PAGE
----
What is the true secret of happiness? Can it be achieved by being a rat racer, scurrying to gather as many nuts as possible? Quite simply, no, according to Tal Ben-Shahar, author of HAPPIER, and the lecturer behind Harvard University's most popular course, "How to Be Happy." Being happy is more about psychology than achievement, so you don't need a big job promotion, a new love life, or even a book telling you how to change your luck. Being happy is about being alive in the present, not just living for the future. So a more important currency than money is the currency of joy, earned through friendship, honesty, trust, experience, and some simple exercises that the author outlines with the help of straightforward and helpful reader Jeff Woodman. Simple enough, but only if one manages to dodge the brainwashing of a mass media urgently selling substitutions for happiness in the form of mass marketed consumer products. (Highbridge Audio; 4 1/2 hours abridged) AMAZON.COM

Cambridge professor Rebecca Stott's debut novel is GHOSTWALK, about the mysterious drowning death of a Cambridge University scholar right before the completion of her biography of Isaac Newton. The dead woman's son recruits his former lover to complete the controversial book, which results in the investigation of two separate murders sprees. The point of view moves between 17th century Cambridge, where Newton was hindered in his studies, to in present day Cambridge, where an animal rights group is involved. Lydia Brooke's work is guided by a ghost from Newton's time, who advises her that the role of Newton's alchemy involved supernatural forces. To this day it's a mystery what Newton was really up to with his dabbling in alchemy, and Stott offers up her own postulation here, in this entertaining and descriptive debut. Reader Susan Duerden can be cited for maintaining interest throughout the romantic cross genre mystery with an engaging yet sensitive performance that presumes more than just acquaintance with both the characters participating and the audience listening. (Random House Audio; 6 hours abridged) AMAZON.COM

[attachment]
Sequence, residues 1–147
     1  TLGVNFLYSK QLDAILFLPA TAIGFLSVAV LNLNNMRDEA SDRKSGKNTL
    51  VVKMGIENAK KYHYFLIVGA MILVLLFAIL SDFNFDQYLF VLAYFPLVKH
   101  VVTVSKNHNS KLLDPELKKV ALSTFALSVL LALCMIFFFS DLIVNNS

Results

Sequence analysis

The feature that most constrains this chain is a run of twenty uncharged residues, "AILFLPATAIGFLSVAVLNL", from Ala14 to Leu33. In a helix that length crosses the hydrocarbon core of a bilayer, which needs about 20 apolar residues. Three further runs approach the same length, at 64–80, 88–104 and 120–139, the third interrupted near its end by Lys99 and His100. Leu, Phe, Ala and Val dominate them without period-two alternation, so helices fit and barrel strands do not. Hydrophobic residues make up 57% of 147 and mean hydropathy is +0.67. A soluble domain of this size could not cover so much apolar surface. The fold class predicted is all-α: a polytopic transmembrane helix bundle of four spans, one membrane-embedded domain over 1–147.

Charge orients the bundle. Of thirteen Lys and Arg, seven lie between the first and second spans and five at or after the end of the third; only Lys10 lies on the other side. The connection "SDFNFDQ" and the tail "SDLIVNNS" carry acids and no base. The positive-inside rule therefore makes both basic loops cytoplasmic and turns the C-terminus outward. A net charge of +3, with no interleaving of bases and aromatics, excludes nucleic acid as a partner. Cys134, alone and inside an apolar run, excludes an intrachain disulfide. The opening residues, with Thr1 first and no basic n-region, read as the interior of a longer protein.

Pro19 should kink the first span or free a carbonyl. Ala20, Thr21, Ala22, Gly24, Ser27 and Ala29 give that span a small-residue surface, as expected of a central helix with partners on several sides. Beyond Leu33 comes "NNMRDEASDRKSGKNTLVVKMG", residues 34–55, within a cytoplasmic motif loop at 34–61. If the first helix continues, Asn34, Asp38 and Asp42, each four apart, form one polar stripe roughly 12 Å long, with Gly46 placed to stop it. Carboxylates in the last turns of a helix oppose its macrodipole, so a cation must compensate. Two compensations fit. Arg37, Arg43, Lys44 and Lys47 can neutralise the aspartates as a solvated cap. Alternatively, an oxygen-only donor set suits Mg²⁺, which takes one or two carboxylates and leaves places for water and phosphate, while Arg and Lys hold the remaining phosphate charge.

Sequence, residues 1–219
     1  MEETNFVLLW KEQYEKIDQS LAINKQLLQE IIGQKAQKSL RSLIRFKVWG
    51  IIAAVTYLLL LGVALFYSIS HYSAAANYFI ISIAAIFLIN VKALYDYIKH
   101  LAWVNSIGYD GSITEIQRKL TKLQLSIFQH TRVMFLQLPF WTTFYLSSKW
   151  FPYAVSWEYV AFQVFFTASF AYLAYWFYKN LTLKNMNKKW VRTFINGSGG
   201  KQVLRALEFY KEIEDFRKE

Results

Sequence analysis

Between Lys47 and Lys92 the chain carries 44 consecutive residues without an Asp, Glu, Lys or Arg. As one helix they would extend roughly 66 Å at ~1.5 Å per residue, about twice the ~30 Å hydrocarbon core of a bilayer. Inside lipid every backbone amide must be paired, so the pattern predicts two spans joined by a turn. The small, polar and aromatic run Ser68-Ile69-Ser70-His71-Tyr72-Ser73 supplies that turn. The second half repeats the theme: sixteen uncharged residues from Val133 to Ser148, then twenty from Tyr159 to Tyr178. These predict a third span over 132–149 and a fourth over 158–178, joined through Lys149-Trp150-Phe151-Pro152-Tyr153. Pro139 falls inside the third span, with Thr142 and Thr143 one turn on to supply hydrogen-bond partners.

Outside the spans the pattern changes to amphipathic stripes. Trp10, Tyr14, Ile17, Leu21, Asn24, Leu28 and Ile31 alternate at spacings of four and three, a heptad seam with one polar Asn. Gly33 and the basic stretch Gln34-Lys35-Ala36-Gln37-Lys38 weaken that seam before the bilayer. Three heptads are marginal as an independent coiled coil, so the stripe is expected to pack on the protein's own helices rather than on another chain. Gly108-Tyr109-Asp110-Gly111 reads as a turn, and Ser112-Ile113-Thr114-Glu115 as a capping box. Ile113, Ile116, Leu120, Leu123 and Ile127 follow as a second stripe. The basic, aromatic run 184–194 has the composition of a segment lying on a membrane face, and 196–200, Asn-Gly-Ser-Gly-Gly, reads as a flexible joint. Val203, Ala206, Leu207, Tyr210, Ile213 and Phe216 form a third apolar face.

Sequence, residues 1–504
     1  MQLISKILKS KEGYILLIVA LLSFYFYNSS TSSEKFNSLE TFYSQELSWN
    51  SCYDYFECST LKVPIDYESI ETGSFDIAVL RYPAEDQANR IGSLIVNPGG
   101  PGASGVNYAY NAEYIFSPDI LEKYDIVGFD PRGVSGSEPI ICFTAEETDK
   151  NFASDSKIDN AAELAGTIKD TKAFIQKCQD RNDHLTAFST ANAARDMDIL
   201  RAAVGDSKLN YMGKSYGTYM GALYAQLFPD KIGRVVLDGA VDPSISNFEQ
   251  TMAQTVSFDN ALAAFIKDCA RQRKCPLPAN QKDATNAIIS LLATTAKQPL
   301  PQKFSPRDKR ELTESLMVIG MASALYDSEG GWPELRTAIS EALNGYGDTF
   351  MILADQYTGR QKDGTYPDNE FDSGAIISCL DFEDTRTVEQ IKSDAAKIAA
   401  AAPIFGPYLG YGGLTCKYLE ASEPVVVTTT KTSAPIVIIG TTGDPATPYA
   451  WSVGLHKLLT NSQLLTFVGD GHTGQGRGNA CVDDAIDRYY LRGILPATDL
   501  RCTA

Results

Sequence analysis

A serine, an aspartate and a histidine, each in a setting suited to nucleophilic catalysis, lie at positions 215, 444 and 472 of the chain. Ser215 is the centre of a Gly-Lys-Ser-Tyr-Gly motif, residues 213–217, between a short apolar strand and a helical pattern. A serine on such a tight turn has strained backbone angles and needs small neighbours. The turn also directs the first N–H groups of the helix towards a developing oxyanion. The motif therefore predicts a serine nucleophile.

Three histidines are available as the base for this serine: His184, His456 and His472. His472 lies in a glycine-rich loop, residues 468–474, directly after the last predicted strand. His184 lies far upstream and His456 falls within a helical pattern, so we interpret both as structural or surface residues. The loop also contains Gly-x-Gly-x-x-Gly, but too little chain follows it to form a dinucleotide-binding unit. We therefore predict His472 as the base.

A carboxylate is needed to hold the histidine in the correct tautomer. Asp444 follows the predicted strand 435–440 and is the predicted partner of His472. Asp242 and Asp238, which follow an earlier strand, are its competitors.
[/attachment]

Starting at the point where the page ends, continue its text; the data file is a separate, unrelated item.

Finally, SF writer Philip K. Dick was known for his short stories, primarily. A surprising number of them have become the inspiration for movies, like "Blade Runner," "Total Recall," and "Minority Report. " In MARTIAN TIME SLIP and THE GOLDEN MAN, two novellas on the theme of what it means to be human are narrated by Grover Gardner. In the first, a mentally "ill" boy just might hold the key to the future, and a real estate scam on Mars serves as a means to reveal the truth, along with a murder. The second tale inspired the recent movie "Next," and employs the cliché so often used by comic book writers, postulating a post-holocaust America populated by mutants. Dick elevates the story by introducing one of the mutants as a mute yet perfect young man, whose very perfection (rather than his hideous deformities) make him a target for destruction by government agencies. The irony is that this so-called "mutant" may actually be the next step in evolution for mankind, superior in strength and beauty, but more importantly devoid of the egotistical passions we currently possess, or the fears that inspire envy and revenge. Gardner narrated the first story almost ten years ago, and the second this year, adding to his total career number of over 550 titles narrated. (Blackstone Audio; 9 1/2 hours unabridged) AMAZON.COM

2007 Past Columns